any member of a family of fishes, also called boxfishes, that have short triangular bodies covered by firmly united hexagonal bony plates. Only the jaw, the bases of the fins, and the tail protrude from this carapace, and the locomotion of these fishes is necessarily peculiar. The dorsal and anal fins propel the fish with a rotary motion, while the tail acts as a rudder. The ventral fins move continually, forcing air through the constricted gill openings. Many trunkfishes are patterned in bright colors. They are sluggish, frequenting shallow water and feeding on minute plant and animal matter. Members of some species have been found to secrete a poison, fatal to other fishes, when disturbed. Trunkfishes are most abundant in tropical waters. The cowfish, one of the larger trunkfish species, is up to 1 ft (30 cm) long and has a short spine over each eye. Trunkfish have palatable flesh and are served baked in their shells by the inhabitants of some South Pacific islands. They are classified in the phylum Chordata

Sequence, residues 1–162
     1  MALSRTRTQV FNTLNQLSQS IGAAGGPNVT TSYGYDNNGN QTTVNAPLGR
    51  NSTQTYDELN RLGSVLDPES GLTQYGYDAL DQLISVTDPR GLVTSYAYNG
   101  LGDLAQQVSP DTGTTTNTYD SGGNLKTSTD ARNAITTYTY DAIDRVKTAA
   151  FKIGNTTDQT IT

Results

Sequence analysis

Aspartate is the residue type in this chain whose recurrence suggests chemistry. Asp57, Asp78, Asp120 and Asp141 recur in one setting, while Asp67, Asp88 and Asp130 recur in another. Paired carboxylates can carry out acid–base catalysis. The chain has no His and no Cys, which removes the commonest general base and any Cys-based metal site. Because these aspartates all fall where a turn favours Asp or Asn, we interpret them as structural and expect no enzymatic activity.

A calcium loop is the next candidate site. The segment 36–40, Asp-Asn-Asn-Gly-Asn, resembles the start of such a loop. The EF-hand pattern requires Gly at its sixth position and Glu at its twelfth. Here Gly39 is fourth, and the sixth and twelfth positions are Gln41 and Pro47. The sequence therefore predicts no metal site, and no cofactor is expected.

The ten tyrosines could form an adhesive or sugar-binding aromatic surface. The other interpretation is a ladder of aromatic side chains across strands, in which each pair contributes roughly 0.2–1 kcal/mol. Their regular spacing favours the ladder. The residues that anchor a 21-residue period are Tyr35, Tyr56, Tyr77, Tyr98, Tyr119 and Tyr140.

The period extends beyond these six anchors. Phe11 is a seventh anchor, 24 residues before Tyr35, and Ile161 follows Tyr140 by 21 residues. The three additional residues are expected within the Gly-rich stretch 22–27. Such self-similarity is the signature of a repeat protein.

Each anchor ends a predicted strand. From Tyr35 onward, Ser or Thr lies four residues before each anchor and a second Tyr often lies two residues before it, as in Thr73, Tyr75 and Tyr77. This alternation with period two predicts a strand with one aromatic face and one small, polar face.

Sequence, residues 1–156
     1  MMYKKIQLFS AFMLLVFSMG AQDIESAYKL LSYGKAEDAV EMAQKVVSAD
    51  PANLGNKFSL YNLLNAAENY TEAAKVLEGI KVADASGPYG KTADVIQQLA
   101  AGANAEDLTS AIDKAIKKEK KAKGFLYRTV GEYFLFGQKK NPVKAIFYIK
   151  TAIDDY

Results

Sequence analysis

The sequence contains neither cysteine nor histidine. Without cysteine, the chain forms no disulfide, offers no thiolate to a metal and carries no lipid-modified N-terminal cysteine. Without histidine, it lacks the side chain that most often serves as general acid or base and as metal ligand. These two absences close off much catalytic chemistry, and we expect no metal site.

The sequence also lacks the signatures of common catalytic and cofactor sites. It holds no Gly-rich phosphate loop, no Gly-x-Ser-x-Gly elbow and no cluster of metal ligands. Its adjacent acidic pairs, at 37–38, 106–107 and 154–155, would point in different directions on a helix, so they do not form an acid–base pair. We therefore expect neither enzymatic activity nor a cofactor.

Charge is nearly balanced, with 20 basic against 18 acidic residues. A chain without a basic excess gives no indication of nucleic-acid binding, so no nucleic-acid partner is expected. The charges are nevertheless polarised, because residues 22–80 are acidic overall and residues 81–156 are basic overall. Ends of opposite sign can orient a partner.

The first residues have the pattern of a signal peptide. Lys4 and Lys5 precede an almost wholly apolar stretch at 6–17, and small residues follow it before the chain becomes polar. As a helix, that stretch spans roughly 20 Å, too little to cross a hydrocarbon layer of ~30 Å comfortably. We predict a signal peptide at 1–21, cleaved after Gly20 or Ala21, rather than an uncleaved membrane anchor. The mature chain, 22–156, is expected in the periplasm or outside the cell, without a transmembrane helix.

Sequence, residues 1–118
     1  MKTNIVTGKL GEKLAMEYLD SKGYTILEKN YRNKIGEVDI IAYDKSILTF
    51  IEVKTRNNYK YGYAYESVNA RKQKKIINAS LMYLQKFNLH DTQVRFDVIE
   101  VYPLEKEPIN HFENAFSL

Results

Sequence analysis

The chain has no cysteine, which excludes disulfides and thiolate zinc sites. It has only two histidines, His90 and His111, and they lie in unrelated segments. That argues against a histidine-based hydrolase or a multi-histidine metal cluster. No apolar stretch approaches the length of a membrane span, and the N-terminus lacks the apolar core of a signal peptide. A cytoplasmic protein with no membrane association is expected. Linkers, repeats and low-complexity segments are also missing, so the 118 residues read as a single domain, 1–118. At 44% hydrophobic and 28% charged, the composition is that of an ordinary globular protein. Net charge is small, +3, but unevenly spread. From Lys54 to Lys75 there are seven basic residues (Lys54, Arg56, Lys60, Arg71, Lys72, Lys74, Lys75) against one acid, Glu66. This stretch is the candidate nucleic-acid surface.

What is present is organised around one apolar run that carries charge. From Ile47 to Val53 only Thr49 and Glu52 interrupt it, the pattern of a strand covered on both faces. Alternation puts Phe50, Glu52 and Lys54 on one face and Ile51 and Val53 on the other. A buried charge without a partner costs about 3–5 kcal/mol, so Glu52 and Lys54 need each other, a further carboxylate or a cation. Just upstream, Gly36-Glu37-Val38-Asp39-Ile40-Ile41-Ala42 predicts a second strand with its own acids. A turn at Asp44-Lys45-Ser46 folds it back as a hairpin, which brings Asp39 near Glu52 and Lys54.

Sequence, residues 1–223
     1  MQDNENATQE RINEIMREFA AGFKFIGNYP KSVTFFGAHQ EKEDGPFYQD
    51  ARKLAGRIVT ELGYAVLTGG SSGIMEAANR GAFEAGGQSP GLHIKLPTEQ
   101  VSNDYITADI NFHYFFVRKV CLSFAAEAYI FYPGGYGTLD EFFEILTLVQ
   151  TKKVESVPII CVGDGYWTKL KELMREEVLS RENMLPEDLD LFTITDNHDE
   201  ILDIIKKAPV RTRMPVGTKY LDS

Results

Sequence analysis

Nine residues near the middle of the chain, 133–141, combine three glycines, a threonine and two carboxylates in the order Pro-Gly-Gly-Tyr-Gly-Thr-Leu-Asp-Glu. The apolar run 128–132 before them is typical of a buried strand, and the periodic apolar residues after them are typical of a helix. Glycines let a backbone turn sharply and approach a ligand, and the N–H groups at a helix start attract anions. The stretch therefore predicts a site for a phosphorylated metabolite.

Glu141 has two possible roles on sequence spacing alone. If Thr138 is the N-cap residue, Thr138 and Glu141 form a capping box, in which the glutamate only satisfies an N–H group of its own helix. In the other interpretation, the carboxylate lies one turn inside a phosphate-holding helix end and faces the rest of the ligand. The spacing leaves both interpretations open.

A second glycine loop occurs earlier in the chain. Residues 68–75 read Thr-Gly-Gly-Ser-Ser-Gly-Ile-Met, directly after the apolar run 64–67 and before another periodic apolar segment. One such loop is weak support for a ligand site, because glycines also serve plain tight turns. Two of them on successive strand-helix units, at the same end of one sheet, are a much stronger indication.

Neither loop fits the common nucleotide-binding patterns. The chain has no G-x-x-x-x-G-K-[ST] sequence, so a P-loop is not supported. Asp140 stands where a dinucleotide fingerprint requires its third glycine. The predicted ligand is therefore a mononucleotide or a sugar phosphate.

, subphylum Vertebrata, class Osteichthyes, order Tetraodontiformes, family Ostraciidae.
The Columbia Electronic Encyclopedia Copyright © 2004.
Licensed from Columbia University Press